Summer is right around the corner. While homemade lemonade, trips to the beach, and sleeping in are perks of the season, the interrupted schedules and lapsed routines are not. If you’re a parent who is concerned about keeping your child’s practice schedule maintained throughout the warm, summer months, you’ve come to the right place. Many student musicians are on “vacation” until they’re back in the classroom in September, but taking a three-month break from an instrument is sure to set your child’s progress back. With more time on their hands but less of a routine, the only way to ensure your child keeps practicing is to become more involved. From setting time-sensitive goals to rewarding your child for practicing, here are a few ways you can encourage your child to practice and progress.
Set Time-Sensitive Goals
Since summer break only lasts a few months, it’s easy to make goals with a specific end date in mind. With three months of free time ahead, think of your child’s goals as an exciting personal project that lasts all summer long. Whether your child wants to memorize their favorite piece of sheet music or perfect their embouchure, summer is the perfect time for them to set their sights high. Make sure your child’s goals are specific, measurable, attainable, relevant, and time-bound. For example, instead of setting a goal to “practice more”, make the goal something more along the lines of “practice at least four hours a week until the end of summer.” That way your child can keep a practice diary or performance log that’ll help them evaluate whether or not they’ve achieved their goal.
Create a Rewards System
If your child participates in school music, you have two choices for the summer: enroll them in private music lessons or stand-in as their teacher during the summer months. Taking lessons with a qualified instructor, such as a teacher at The Lesson Studio at Music & Arts, can help prevent that summer slump.
One thing many music teachers do to help motivate their students to practice is establish a rewards system. Some parents use a token system, while others get a bit more creative. Whether you create a number wreath or establish a different system that works for you and your family, it’s important that your child feels rewarded for a job well done. As for the rewards, they can be small rewards (ice cream cones or special treats) throughout the summer or one large reward (a family trip to a theme park) at the end of the season. Regardless of the rewards or the system, focus on encouraging your child to meet their goals throughout the summer.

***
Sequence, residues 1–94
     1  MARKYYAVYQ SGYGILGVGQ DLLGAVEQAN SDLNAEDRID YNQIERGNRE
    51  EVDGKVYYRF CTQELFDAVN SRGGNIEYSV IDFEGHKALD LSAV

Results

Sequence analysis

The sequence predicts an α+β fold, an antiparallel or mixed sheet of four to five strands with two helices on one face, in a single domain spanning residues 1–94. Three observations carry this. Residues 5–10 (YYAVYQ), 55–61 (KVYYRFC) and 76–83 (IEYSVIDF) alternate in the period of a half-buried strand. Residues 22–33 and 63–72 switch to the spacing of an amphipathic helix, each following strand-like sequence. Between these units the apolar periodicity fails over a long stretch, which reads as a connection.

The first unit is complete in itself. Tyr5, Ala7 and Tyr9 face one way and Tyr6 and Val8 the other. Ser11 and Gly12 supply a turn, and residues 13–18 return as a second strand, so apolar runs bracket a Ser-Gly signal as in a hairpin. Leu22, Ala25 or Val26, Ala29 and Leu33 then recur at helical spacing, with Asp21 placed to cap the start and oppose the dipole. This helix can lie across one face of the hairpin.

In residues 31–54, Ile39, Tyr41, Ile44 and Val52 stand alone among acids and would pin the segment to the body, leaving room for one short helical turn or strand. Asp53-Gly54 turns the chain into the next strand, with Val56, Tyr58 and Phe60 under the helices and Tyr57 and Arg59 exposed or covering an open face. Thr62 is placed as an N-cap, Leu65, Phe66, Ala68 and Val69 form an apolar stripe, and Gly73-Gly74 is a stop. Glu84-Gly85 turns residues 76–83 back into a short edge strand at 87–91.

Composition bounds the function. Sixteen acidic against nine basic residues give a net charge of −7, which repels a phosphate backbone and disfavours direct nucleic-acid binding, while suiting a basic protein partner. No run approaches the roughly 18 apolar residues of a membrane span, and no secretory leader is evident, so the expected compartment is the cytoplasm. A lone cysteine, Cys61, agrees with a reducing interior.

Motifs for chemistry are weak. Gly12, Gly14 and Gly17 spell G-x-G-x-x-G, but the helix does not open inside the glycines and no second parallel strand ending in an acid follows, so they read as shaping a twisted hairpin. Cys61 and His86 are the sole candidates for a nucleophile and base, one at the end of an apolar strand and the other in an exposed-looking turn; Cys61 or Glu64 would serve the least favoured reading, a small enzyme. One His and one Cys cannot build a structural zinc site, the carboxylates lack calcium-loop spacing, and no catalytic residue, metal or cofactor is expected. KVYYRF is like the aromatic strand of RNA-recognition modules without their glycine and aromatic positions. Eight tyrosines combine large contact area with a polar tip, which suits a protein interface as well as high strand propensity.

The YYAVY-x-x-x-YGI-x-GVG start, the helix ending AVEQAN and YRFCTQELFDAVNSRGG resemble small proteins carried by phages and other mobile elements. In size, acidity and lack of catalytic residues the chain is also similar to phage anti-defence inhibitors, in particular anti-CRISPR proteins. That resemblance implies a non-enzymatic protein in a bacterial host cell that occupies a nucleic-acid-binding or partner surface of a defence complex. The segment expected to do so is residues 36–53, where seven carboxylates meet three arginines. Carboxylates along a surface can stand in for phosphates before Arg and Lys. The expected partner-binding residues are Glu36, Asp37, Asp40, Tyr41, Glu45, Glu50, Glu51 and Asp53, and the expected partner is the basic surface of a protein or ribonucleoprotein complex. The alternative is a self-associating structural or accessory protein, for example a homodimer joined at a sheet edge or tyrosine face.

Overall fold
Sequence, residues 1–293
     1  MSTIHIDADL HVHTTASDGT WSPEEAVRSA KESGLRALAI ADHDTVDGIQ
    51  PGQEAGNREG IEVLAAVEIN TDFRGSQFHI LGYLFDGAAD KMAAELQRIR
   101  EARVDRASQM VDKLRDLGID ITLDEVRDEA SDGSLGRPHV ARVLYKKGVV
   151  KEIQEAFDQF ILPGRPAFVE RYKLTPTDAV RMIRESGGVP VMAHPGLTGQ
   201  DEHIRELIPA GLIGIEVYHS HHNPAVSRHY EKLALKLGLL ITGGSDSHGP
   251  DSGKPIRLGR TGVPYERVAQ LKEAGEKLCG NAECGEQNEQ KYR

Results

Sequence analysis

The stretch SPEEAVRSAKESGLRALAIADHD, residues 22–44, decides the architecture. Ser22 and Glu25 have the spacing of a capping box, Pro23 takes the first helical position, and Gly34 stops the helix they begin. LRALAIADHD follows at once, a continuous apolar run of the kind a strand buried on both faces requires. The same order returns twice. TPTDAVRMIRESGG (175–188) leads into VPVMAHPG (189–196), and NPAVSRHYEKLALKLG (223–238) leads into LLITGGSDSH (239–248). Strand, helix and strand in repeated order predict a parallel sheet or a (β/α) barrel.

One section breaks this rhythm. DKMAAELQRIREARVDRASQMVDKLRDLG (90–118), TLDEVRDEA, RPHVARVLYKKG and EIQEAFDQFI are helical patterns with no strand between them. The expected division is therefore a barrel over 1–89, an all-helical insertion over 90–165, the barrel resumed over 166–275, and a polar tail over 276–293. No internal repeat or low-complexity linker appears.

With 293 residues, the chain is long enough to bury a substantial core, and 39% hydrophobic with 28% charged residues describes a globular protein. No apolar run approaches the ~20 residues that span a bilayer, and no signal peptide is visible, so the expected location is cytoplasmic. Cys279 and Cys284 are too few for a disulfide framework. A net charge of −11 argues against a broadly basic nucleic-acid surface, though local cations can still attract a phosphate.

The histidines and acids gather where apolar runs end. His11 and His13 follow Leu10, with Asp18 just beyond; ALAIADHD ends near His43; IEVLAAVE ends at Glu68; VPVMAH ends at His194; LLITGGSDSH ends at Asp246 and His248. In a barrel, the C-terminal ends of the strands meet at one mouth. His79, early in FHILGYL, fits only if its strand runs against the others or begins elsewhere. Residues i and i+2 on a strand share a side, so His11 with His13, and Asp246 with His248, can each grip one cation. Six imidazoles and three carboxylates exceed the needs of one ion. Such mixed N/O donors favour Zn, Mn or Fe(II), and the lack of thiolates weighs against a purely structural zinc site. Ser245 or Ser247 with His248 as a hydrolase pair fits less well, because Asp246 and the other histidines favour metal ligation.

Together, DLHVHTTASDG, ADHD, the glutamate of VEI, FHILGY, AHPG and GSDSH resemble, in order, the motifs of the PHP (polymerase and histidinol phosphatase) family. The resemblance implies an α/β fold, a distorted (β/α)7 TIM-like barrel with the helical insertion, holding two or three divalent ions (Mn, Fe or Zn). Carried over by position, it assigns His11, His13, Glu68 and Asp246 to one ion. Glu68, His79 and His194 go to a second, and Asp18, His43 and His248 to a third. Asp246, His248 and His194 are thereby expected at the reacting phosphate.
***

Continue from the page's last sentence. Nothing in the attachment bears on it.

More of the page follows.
Establish a Schedule
Consistency is key when it comes to setting a practice schedule. Unfortunately, the summer months aren’t usually as structured as the rest of the school year. For this reason, try setting a general time frame (instead of a set hour during the day) when your child should fit in their practicing. For example, instead of creating a schedule where your child practices between 10-11 A.M. everyday, ask them to practice for an hour after breakfast. Additionally, make sure your child’s scheduled practice “time” works for them. Some children concentrate better in the morning while others’ creative juices flow later in the afternoon. As long as the practicing is consistent, that’s all that really matters.
Use a Practice Log
If you’re a working parent or share custody of your child, you likely won’t be around every single time they practice. To help keep track of when, where, and how often they’re practicing, ask them to keep a practice log and have their babysitter or caretaker verify that the time is correct with their signature, initials, or a stamp. To make the log more fun or interesting, help them decorate it to their liking. At the end of the week, check up on your child’s progress and help them honestly evaluate their progress. In doing so, you’ll show your child that you’re taking an active approach to their progress. In many cases, children seek the approval of their parents and other adults, and there’s no better way to show you approve than by simply being present every step of the way.
Invite Friends to Mini-Performances
Recitals and live performances throughout the school year help keep your child interested in and excited about their instrument, so how can you keep this excitement alive during the summer? Try putting on mini-performances for friends and family. If you’re new to the area or don’t live near a lot of family, you can be their audience. Just ask them to perform a new song for you once a week and act like it’s a real performance: pay attention, clap, and praise them for a job well done. Whether it’s a Monday evening mini-recital or a Saturday afternoon jam session with their friends, they’ll look forward to impressing their friends and family with what they’ve learned each week. And, as an added bonus, you’ll enjoy the special time the two of you spend bonding over music.
Music & Arts offers multiple performance opportunities year round, including during the summer months. Check with your local store for a list of upcoming, and completely FREE, Open-Mic Nights! Want even more tips? Learn How to Motivate Your Child to Practice.